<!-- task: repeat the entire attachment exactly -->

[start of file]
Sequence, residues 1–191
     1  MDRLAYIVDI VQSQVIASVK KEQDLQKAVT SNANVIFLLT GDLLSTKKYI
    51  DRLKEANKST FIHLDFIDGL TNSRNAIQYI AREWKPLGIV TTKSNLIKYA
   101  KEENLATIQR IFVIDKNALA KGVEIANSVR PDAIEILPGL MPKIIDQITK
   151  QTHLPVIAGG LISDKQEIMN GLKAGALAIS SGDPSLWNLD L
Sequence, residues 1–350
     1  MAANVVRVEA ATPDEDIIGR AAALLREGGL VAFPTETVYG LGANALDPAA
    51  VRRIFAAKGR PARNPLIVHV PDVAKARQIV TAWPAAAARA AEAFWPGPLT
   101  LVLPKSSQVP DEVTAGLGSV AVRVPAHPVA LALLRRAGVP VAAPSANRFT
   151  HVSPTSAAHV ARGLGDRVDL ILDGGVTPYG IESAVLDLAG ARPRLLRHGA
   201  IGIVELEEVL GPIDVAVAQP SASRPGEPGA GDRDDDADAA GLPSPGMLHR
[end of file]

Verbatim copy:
Sequence, residues 1–191
     1  MDRLAYIVDI VQSQVIASVK KEQDLQKAVT SNANVIFLLT GDLLSTKKYI
    51  DRLKEANKST FIHLDFIDGL TNSRNAIQYI AREWKPLGIV TTKSNLIKYA
   101  KEENLATIQR IFVIDKNALA KGVEIANSVR PDAIEILPGL MPKIIDQITK
   151  QTHLPVIAGG LISDKQEIMN GLKAGALAIS SGDPSLWNLD L
Sequence, residues 1–350
     1  MAANVVRVEA ATPDEDIIGR AAALLREGGL VAFPTETVYG LGANALDPAA
    51  VRRIFAAKGR PARNPLIVHV PDVAKARQIV TAWPAAAARA AEAFWPGPLT
   101  LVLPKSSQVP DEVTAGLGSV AVRVPAHPVA LALLRRAGVP VAAPSANRFT
   151  HVSPTSAAHV ARGLGDRVDL ILDGGVTPYG IESAVLDLAG ARPRLLRHGA
   201  IGIVELEEVL GPIDVAVAQP SASRPGEPGA GDRDDDADAA GLPSPGMLHR